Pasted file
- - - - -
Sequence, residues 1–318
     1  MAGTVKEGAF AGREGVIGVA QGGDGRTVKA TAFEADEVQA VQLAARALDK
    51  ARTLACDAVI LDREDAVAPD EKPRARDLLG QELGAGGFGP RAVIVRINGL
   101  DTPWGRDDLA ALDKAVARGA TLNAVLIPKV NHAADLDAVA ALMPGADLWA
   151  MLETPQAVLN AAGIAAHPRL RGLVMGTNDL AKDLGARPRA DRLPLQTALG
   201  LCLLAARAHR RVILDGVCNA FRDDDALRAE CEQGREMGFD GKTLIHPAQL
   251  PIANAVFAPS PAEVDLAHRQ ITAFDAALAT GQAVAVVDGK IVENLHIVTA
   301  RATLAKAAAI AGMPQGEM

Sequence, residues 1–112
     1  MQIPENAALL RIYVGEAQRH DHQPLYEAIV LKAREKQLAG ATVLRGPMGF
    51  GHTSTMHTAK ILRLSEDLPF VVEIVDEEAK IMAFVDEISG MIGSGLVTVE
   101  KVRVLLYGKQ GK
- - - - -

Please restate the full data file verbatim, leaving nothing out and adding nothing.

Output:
Sequence, residues 1–318
     1  MAGTVKEGAF AGREGVIGVA QGGDGRTVKA TAFEADEVQA VQLAARALDK
    51  ARTLACDAVI LDREDAVAPD EKPRARDLLG QELGAGGFGP RAVIVRINGL
   101  DTPWGRDDLA ALDKAVARGA TLNAVLIPKV NHAADLDAVA ALMPGADLWA
   151  MLETPQAVLN AAGIAAHPRL RGLVMGTNDL AKDLGARPRA DRLPLQTALG
   201  LCLLAARAHR RVILDGVCNA FRDDDALRAE CEQGREMGFD GKTLIHPAQL
   251  PIANAVFAPS PAEVDLAHRQ ITAFDAALAT GQAVAVVDGK IVENLHIVTA
   301  RATLAKAAAI AGMPQGEM

Sequence, residues 1–112
     1  MQIPENAALL RIYVGEAQRH DHQPLYEAIV LKAREKQLAG ATVLRGPMGF
    51  GHTSTMHTAK ILRLSEDLPF VVEIVDEEAK IMAFVDEISG MIGSGLVTVE
   101  KVRVLLYGKQ GK